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Author: Jane Langton
ISBN13: 978-0140148527
Title: The Transcendental Murder (Homer Kelly, Book 1)
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ePUB size: 1611 kb
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Language: English
Category: Mystery
Publisher: Penguin Books (February 7, 1990)
Pages: 278

The Transcendental Murder (Homer Kelly, Book 1) by Jane Langton

The first book in the Homer Kelly series is set in Concord, Massachusetts. They have some sparking chemistry, irritating each other. The local historical society is in an uproar when one of its members produces love letters purportedly between Thoreau and Emily Dickinson. I'd never heard of Jane Langton or the Homer Kelly Mystery series until today at Savers. A mystery set in "the birthplace of the American Revolution and the home of the horeau, Emerson, and the Alcotts"-and Emily Dickinson quotes cited too?

The Transcendental Murder, . part of Homer Kelly Mystery Series. Open Road Integrated Media Ebook. For Grace Brown Gillson and Joseph Lincoln Gillson. Ruth Wheeler of Fairhaven Bay is in no way responsible for the wild idea behind this book, but her knowledge of Henry Thoreau in Concord was a great help in the writing of The Transcendental Murder. Homer Kell. elebrated Emersonian scholar. In his opinion Concord was a polite little suburban pest-hole, living on its picayune history.

view Kindle eBook view Audible audiobook. Book 1 of 18 in the Homer Kelly Mysteries Series.

Publisher’s Summary The citizens of Concord, Massachusetts, never tire of their heritage.

Книга The Transcendental Murder, автор Langton Jane - (Scholarly infighting can get a lot more violent than most outsiders realize, but usually that violence is confined to the printed page. Not so in Concord, Mass. where the arrival of Homer Kelly, an expert on the work of Ralph Waldo Emerson, has stirred up passions concerning a manuscript that may or may not have been written by Henry David Thoreau. Things come to a head during the town's annual re-enactment of Paul Revere's famous ride, when one of the 'Minutemen' turns up dead, still in full Revolutionary regalia

The Transcendental Murder. Book in the Homer Kelly Series). A Must Read Book for Jane Langton Fans. Published by Thriftbooks. com User, 9 years ago. If you've read other Homer and Mary Kelly mysteries, but not this one, put this one on your list! This book not only is a good story, but we get to see Homer and Mary when they first meet. Of course, they find each other irritating. The plot, which is quite good and intriguing, throws Mary and Homer together, but still it looks like they will never like each other. All the while, you the reader, know from the other books that they will end up together.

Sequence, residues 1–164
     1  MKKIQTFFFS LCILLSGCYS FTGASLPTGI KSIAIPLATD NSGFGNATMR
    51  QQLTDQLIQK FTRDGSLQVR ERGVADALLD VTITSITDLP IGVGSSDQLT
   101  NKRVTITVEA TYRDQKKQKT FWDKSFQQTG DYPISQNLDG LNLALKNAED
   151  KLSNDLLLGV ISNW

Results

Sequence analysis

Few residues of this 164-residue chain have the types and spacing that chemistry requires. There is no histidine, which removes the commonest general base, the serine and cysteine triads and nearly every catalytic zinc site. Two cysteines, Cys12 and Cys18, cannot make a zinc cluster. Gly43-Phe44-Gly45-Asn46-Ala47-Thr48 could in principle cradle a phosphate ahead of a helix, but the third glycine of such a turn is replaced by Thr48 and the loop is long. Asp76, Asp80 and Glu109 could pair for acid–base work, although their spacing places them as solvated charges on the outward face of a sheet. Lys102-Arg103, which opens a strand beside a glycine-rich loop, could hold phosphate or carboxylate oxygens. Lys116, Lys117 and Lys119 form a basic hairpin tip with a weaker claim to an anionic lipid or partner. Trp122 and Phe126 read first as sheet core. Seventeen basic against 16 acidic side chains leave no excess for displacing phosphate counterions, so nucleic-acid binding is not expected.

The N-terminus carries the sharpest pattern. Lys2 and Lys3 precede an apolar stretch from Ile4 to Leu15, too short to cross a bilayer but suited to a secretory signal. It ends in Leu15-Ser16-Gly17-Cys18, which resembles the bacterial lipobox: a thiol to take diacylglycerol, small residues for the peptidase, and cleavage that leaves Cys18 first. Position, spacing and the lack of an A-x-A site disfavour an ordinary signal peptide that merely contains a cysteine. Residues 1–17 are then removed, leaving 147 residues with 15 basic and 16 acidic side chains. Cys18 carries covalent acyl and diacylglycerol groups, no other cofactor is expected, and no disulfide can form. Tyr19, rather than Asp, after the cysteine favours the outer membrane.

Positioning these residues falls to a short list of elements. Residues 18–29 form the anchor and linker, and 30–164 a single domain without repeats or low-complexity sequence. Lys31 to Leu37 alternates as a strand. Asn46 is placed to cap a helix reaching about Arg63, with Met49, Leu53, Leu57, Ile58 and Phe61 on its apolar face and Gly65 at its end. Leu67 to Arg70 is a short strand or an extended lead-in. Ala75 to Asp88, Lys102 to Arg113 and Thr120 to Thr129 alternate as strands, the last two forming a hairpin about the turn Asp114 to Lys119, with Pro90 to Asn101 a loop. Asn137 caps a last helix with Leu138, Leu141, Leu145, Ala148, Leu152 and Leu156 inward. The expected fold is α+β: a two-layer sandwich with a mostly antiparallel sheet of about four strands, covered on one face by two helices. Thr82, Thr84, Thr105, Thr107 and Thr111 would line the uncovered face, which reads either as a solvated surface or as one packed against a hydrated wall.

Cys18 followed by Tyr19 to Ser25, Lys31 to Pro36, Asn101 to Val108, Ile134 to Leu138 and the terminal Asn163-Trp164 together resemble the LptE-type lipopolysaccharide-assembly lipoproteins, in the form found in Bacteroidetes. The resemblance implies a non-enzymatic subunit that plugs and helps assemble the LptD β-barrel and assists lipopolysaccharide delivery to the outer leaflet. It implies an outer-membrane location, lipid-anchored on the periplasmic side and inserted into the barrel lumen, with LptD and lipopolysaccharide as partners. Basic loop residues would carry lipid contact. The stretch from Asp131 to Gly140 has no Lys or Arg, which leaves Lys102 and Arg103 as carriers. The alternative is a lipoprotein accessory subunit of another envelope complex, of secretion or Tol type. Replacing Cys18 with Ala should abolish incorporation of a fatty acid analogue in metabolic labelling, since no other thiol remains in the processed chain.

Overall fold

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The Transcendental Murder (1990). 0140148523 (ISBN13: 9780140148527). About book: The peaceful town of Concord, Massachusetts, becomes a hotbed of intrigue and activity when the annual re-creation of the ride of Paul Revere ends in murder. And it falls to Homer Kelly to set things straight.

This first book in the beloved series featuring New England cop/Emerson enthusiast Homer Kelly is a delight. most enjoyable murder mystery (Eudora Welty). The citizens of Concord, Massachusetts, never tire of their heritage. Concord’s latter-day transcendental scholars are a strange bunch, but none is more peculiar than Homer Kelly, an expert on Emerson and on homicide.

Thoreau, Emerson, and the Alcotts are discovered to have done more than they think, two people show up dead, and Lt.-Det., Emerson scholar, Homer Kelly is there
Reviews: 7
Naturally, those of us who have read many of the Homer (and Mary) Kelly mysteries over the years will want to have this "when they first met" novel. For those not familiar with the long running series (since the mid-sixties), it is a good one to start with, not that it is the best, but because you will likely want to read more and this is the beginning of it all.
There are differences in tone between this (and, perhaps a few more of the early ones) and the later Homer and Mary books (aside from their getting married and older). Homer is still "only" a policeman, with an interest in literature, not the distinguished Professor and scholar he was to become (although he is writing a book). Mary is still not the educated professional and rather fiercely woman's rights advocate she will mature into. She is still a librarian, not yet having ' found her vocation'.